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When/How to stain and apply Wood Appliques

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Forum topic by HorizontalMike posted 12-24-2011 04:14 AM 2314 views 0 times favorited 11 replies Add to Favorites Watch
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HorizontalMike

6967 posts in 1658 days


12-24-2011 04:14 AM

Topic tags/keywords: stain staining appliqu├ęs bookcase barristers

Just got a couple good jigs finished this month and am now beginning to size all my pieces for some Barrister Bookshelves. I want to use an applique on the top/headboard of the bookcase and am wondering about what are the best ways to apply and stain these appliques/gingerbread carvings. I am using White Ash for the bookcases, the appliques are oak (actually will match grain really well) and want to use a Minwax “Golden Oak” stain on the entire project, finished with Minwax Tung Oil Finish.

Should I stain both pieces BEFORE applying the applique or AFTER?
Stain the applique darker? Edge treatment?
Any tips?

-- HorizontalMike -- "Woodpeckers understand..."


11 replies so far

View DaleM's profile

DaleM

923 posts in 2128 days


#1 posted 12-24-2011 04:58 AM

I would definitely stain both pieces separately unless you really like getting in all the little crevices around the applique. Since I’m sure you don’t, just like me, after you stain them, I would finish them separately also, then join them. I would just stain them the same color, because the shadows will make it stand out anyway. As far as joining them, someone else may have a better suggestion, but I would use clear drying silicone caulk, the kind you would use one glass, making sure you don’t put on so much that you get squeeze-out. It holds well on smooth finishes.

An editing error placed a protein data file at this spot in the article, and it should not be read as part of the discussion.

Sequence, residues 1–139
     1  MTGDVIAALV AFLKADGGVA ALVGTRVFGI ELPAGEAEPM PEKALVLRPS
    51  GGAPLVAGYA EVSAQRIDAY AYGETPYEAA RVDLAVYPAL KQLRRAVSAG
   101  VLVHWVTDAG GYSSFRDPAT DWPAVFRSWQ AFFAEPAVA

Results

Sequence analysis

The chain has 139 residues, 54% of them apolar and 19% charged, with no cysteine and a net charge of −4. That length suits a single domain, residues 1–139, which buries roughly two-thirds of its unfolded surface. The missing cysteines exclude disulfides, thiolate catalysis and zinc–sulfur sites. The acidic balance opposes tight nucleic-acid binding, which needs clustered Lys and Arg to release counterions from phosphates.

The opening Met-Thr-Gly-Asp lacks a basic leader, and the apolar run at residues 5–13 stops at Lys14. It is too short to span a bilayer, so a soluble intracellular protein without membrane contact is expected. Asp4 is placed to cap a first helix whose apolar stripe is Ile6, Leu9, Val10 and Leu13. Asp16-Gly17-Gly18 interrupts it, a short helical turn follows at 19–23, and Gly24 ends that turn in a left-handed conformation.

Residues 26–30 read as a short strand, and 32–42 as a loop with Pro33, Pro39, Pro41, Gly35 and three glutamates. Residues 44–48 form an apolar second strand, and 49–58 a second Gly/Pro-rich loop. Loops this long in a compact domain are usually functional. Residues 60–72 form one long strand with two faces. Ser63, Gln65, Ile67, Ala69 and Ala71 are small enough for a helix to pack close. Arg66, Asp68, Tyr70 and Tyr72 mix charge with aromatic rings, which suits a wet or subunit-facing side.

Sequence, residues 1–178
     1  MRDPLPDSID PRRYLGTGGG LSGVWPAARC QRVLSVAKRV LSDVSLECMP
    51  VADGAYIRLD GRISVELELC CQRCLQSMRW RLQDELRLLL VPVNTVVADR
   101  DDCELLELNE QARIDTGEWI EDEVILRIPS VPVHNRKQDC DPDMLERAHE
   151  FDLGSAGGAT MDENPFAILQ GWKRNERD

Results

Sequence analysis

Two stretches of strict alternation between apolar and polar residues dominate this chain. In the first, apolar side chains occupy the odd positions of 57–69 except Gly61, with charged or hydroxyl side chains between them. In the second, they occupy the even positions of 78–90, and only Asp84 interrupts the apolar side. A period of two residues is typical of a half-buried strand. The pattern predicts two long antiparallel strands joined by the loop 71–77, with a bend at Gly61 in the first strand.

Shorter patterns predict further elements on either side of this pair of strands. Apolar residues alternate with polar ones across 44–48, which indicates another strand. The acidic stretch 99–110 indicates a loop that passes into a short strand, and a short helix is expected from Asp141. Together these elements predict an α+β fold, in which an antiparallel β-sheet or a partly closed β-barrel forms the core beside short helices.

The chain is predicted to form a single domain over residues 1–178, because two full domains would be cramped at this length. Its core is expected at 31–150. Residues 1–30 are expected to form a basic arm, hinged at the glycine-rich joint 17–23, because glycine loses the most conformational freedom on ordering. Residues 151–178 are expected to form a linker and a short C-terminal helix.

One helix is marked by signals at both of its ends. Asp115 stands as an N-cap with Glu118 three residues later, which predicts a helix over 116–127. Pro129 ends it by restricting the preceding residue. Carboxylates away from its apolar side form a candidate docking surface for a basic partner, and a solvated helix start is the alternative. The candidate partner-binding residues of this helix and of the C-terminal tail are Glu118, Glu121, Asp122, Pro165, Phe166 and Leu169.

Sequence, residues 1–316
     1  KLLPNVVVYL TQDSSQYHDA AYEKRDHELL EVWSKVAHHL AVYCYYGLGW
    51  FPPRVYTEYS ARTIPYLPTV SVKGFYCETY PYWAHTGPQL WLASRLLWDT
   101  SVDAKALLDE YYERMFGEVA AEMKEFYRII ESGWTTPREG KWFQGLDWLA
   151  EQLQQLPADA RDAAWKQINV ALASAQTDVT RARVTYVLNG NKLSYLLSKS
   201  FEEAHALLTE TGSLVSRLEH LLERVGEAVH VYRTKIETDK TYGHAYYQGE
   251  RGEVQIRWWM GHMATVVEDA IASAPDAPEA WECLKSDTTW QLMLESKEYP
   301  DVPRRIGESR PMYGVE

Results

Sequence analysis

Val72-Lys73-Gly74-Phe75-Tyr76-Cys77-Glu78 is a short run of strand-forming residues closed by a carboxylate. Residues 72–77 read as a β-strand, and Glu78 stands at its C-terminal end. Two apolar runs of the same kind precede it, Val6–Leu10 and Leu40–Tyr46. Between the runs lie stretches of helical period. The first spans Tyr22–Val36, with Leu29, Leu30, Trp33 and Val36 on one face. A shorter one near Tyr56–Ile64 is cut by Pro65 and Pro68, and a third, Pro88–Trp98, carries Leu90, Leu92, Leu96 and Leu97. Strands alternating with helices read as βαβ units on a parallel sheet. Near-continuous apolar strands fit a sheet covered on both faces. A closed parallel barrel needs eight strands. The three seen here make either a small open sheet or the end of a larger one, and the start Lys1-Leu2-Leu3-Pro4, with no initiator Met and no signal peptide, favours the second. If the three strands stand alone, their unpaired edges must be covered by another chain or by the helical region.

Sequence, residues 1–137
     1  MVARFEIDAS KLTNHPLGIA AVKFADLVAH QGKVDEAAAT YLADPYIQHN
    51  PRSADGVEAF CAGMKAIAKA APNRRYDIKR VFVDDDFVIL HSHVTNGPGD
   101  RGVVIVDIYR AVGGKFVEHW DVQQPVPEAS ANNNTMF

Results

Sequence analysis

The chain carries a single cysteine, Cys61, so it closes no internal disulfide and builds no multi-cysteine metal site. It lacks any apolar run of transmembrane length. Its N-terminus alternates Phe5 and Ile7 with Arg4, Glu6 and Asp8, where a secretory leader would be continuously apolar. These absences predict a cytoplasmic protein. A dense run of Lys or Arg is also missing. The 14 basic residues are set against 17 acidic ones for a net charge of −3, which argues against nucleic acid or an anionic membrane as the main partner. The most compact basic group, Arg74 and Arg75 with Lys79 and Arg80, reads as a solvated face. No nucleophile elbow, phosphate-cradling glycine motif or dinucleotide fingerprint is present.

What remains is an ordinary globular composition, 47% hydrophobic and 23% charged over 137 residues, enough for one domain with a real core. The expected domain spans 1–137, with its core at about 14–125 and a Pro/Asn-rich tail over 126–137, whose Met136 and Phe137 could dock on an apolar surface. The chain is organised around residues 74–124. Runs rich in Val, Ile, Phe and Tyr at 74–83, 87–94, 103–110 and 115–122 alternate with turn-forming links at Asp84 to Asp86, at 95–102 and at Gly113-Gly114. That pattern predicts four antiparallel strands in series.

-- Dale Manning, Carthage, NY

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HorizontalMike

6967 posts in 1658 days


#2 posted 12-24-2011 05:28 AM

Yeah, I have been going back and forth on this, wondering if it might actually look “authentic” (older) if some of the stain actually did settle around the edges of the already applied applique, giving it the appearance of having been refinished at some point in the past?... Ever done that?

-- HorizontalMike -- "Woodpeckers understand..."

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DaleM

923 posts in 2128 days